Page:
Stairlifts are fantastic home adaptations that help people to get up and down the stairs. But who needs a stairlift?

In diverse population groups across the UK, many people will need assistance with climbing the stairs. Here we take a look at the different types of mobility issues that may lead to buying a stairlift.

 

Who Needs a Stairlift?

 

There are a whole host of congenital and acquired conditions that can affect mobility. From very young children to the very elderly, people of all ages can benefit from the use of a stairlift if they experience problems with movement and walking. Problems with mobility can be down to:

 

Pain on moving

 

People who suffer from arthritis or chronic pain may benefit from the use of a stairlift. If it’s comfortable to sit in a chair lift or lean on a perch lift, then a lot of pressure can be taken off joints and muscles as you go up and down the stairs.

 

Stiffness in joints and muscles 

 

If you have arthritis or are frail, you’re more prone to stiff joints and muscles. This can make things like lifting your knees difficult. Especially when you need to use the stairs. Stairlifts can eliminate the need to struggle up and down the stairs and give some much-needed relief from stiff knees, hips, and ankles.

 

Nerve damage or changes to nerves that affect the way they communicate with the muscles in the body

 

If you’ve had an injury or have a neurological condition like multiple sclerosis or Parkinson’s disease, you may experience weakness, lack of sensation, or intermittent use of your limbs.  Installing a stairlift can help you tackle the stairs on the days when you’re not feeling your best. You’re also likely to feel safer and more confident when it comes to using your stairlift to go up and down.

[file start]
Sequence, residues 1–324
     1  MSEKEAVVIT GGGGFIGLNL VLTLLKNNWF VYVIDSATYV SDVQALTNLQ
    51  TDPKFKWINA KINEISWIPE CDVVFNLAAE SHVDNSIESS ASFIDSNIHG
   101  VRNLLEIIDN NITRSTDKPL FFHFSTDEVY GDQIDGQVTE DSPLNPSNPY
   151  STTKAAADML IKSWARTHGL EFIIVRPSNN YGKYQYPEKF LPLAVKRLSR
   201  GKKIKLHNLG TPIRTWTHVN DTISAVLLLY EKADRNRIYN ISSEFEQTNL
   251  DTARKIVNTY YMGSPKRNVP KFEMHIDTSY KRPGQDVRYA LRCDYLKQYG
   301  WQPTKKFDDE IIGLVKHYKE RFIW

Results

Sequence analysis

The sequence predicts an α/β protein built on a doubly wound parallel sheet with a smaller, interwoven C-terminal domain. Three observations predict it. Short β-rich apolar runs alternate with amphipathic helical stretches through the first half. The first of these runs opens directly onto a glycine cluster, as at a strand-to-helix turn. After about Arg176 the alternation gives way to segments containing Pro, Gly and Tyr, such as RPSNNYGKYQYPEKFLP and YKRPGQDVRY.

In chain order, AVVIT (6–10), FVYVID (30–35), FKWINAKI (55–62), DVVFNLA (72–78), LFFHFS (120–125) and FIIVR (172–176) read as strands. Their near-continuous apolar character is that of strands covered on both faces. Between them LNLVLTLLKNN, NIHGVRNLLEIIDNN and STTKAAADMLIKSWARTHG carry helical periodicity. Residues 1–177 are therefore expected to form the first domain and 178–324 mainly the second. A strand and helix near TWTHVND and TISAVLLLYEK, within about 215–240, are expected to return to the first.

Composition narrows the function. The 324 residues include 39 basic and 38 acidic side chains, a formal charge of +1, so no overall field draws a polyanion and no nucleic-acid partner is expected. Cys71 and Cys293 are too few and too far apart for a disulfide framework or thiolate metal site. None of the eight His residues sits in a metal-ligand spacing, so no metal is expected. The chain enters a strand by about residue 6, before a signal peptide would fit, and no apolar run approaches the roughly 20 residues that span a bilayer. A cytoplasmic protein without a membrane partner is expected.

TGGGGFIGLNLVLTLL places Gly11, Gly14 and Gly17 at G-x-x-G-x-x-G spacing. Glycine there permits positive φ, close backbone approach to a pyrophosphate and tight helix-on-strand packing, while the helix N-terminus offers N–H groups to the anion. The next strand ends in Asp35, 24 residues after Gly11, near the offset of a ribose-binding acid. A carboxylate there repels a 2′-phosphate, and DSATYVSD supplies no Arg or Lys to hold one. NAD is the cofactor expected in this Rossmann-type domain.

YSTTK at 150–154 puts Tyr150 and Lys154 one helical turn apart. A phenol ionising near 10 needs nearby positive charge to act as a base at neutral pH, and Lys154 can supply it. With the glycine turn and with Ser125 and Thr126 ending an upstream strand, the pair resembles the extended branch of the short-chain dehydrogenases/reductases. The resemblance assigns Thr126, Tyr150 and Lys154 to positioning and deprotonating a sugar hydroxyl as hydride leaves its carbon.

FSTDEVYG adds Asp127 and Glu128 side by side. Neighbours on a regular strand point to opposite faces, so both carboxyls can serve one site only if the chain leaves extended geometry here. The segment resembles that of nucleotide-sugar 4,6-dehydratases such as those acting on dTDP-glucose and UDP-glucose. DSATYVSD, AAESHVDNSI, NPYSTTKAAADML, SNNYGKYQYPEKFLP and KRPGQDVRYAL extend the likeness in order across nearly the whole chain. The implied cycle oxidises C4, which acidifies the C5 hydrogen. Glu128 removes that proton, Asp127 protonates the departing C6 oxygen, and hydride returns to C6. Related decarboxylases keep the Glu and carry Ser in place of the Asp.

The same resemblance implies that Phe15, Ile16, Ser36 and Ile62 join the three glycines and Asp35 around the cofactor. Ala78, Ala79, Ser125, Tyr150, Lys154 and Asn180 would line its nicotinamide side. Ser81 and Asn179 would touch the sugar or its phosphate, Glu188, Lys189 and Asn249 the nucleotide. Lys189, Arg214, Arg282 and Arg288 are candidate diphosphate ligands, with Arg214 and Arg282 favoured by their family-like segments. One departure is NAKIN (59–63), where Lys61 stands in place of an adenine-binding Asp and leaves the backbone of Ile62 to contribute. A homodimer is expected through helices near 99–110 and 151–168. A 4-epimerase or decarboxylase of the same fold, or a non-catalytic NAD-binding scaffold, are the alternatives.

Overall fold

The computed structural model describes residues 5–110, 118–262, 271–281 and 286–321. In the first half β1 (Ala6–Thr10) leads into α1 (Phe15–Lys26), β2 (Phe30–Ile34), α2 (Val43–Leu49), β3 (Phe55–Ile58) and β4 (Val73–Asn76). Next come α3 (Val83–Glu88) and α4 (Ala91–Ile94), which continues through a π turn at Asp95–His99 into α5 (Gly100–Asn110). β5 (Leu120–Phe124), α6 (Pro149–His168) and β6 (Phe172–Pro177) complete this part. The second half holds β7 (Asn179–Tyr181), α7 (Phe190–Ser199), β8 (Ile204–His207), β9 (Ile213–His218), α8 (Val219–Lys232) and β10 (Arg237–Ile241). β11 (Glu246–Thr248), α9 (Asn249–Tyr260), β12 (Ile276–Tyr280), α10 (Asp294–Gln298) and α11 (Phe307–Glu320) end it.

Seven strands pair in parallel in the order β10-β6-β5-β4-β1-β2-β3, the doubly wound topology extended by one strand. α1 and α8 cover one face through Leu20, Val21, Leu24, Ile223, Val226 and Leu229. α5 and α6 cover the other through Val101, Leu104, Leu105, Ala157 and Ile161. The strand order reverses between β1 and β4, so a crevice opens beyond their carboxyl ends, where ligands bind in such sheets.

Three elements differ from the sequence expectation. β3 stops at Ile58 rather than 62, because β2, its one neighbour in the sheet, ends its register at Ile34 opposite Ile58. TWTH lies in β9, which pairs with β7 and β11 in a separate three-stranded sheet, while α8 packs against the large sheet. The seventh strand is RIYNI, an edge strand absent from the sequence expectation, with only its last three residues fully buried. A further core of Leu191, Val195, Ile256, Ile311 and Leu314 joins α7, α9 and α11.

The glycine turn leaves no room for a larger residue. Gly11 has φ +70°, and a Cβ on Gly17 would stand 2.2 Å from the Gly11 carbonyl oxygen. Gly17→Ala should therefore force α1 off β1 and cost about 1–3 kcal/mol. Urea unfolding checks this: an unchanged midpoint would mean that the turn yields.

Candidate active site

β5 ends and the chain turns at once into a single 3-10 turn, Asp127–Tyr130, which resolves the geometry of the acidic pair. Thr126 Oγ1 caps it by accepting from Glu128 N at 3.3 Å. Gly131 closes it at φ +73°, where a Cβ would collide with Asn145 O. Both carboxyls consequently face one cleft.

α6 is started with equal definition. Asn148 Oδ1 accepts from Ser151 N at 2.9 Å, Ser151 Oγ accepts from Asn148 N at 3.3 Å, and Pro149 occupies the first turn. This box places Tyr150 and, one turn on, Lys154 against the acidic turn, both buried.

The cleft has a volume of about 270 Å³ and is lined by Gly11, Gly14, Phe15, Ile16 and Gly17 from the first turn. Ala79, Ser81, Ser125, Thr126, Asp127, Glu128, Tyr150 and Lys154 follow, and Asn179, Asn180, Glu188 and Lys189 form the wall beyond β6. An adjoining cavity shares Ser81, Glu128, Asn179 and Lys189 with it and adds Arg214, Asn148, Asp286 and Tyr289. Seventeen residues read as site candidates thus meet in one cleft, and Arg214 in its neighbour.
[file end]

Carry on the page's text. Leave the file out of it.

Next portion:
Feeling breathless 

 

If you have a chronic lung condition, like asthma, cystic fibrosis, or Chronic Obstructive Pulmonary Disease (COPD) or a disease of the respiratory system, walking up the stairs may leave you gasping for air. Take the effort out of the stairs with a stairlift. If you carry an oxygen supply, you can also transport this using the stairlift (as long as it doesn’t exceed the stairlifts maximum weight limit).

 

Feeling like your heart is racing

 

There are lots of reasons your heart rate can increase.  People with heart and cardiovascular conditions, obesity, and anxiety can also benefit from the use of a stairlift. By reducing the amount of physical effort required to reach the top of the stairs, a stairlift can help to reduce the amount of strain on the heart. Find out more in our stairlifts and heart disease: the benefits of a stairlift for heart patients blog post.

 

Feeling unbalanced or reduced coordination

 

There are lots of conditions that can lead to feelings of dizziness and incoordination. From ataxia to anxiety, a stairlift can provide a firm base to travel on so you don’t have to grip the bannister every time you need to use the stairs.

 

Stairlifts are intended for people who can mobilise around a single level of their home quite well. They’re most suitable for people who find the stairs physically demanding and the toughest part of their day. If you think you or someone you know might benefit from the use of a stairlift, give us a call on 0800 644 7766 and we’ll happy to give you advice.